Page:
Urgent care for older adults

The NHS Confederation has launched an independent commission focused on improving urgent and emergency care for older adults

26 Mar 2015 by Ryan O'Hare

The NHS Confederation has launched an independent commission focused on improving urgent and emergency care for older adults both within and outside of the hospital setting.

The group, which represents hundreds of organisations providing NHS services, will bring together representatives from hospitals, community services and local government to consider best practice examples.

The confederation has previously produced guidance around services for older adults, including its 2012 guidance on preventing falls. The serious health burden of falls, which may often involve a visual component, led to the College of Optometrists publishing its own Focus on Falls report last year, which highlighted the need for vision assessment to help reduce and prevent injury and accidental deaths.

The new commission will also include older people’s advocates and service commissioners. It will ask a number of questions, including what an optimum care service might look like, what skills would be required from healthcare providers and the wider role of health and social care providers.

Chair of the commission, Dr Mark Newbold, said: “Much guidance on improving urgent care services for older people has already been issued, with key principles established and widely agreed, but progress on putting in place new services that require NHS organisations to work together has been slow.”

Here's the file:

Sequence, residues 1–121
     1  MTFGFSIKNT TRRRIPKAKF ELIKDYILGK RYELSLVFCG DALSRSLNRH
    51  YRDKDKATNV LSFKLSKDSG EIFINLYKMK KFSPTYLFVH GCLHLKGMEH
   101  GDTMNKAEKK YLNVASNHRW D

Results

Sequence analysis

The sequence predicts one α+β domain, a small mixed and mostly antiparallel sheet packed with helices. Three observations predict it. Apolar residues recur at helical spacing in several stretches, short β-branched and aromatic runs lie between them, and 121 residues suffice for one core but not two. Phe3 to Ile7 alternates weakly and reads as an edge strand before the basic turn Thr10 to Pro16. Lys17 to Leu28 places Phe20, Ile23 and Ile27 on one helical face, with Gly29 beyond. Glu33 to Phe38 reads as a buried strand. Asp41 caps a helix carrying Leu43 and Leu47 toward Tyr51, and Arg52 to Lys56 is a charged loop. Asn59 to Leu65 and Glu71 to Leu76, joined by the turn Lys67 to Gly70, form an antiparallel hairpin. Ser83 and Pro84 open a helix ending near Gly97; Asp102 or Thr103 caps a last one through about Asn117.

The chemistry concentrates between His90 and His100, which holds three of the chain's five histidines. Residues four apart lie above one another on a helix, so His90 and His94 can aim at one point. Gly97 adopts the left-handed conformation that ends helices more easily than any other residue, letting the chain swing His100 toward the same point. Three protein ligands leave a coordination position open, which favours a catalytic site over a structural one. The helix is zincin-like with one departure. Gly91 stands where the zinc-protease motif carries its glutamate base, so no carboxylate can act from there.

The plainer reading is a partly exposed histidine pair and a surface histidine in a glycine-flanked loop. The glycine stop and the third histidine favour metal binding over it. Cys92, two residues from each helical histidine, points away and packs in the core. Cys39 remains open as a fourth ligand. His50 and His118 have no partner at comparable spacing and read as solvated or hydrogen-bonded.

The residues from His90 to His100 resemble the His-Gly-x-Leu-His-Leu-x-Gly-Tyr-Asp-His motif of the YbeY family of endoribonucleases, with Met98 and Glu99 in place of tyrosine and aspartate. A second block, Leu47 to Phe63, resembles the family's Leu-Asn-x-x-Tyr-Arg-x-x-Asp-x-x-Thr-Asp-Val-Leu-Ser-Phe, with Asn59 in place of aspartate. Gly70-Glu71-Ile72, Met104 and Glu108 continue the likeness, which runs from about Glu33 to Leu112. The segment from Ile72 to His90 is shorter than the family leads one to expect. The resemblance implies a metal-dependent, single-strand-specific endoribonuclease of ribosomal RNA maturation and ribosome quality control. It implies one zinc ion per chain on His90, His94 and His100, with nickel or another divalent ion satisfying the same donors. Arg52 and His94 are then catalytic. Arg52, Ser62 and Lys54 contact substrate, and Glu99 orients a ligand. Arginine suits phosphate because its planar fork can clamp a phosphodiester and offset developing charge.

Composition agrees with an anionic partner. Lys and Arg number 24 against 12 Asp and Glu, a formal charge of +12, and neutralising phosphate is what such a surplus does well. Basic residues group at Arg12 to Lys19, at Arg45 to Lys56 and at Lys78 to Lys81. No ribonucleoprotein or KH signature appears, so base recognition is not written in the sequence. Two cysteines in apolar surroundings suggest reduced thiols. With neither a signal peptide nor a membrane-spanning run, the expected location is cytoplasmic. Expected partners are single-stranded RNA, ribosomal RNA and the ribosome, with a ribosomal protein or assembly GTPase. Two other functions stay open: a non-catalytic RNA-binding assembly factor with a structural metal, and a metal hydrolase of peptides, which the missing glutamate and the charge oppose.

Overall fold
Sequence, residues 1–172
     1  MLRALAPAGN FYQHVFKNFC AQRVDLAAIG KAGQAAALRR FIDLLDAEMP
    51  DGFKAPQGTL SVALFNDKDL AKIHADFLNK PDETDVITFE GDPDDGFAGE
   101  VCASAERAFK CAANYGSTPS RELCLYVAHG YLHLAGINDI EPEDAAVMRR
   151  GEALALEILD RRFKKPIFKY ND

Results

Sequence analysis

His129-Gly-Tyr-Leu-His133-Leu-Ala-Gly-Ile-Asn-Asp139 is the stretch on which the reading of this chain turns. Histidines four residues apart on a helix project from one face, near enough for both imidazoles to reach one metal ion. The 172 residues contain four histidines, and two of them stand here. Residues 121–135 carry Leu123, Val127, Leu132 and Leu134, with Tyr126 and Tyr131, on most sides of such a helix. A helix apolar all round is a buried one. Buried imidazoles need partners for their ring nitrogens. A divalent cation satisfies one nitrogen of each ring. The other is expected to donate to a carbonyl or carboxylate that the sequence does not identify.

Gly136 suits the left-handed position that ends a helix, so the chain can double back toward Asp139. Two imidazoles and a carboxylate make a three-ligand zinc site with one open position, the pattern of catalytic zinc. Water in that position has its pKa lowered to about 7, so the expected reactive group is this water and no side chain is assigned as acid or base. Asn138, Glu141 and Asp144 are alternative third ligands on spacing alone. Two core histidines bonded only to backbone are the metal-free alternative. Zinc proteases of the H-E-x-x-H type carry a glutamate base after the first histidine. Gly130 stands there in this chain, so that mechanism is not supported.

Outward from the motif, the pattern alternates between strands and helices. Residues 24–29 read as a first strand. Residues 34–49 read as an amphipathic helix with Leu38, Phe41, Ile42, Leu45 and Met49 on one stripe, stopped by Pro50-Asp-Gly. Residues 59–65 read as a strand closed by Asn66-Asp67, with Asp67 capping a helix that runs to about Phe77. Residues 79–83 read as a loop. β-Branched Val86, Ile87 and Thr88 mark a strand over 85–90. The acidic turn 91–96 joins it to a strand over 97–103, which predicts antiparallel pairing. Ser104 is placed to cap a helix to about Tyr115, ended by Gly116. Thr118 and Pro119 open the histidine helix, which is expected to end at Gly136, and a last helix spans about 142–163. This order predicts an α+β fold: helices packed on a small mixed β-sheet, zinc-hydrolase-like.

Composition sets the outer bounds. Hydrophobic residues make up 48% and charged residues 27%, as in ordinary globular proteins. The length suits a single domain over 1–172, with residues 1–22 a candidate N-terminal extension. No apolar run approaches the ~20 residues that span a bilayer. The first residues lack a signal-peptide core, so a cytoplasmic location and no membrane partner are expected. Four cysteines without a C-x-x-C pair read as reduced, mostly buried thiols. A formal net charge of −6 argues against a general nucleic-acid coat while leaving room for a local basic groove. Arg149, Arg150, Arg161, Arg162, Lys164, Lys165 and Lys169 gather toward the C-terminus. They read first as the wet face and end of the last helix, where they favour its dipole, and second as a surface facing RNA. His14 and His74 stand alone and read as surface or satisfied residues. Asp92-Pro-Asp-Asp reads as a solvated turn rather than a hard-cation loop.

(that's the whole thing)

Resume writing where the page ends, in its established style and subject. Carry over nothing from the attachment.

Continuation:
He added: “By using the broad membership of the NHS Confederation we can address the reasons for this, and produce recommendations that are both clinically guided and supported by all parties in local health communities, including hospitals, local authorities, community providers and General Practitioners. This will greatly assist with implementation of these vital services.”

Chief executive of the NHS Confederation, Rob Webster, said: “We know that older people are not the problem here and deserve dignified care. This commission will bring together all relevant parts of the system to examine the issues and look at workable ways for local health and social care organisations to work together in the interest of these patients, our staff and our organisations.”

Commenting on the announcement, managing director of the Local Optical Committee Support Unit (LOCSU), Katrina Venerus, said: “Problems with eye health in older people and the impact of poor vision are often overlooked despite the fact that failing vision can significantly increase the risk of falls and falls are the most common cause of hospitalisation for people aged over 65.”

Ms Venerus told OT that LOCSU welcomed the commission, adding: “We look forward to engaging with the commission to ensure that eye health is given due consideration and the role that community optical practices can play is fully understood.”

The findings are expected to be published by the end of the year.


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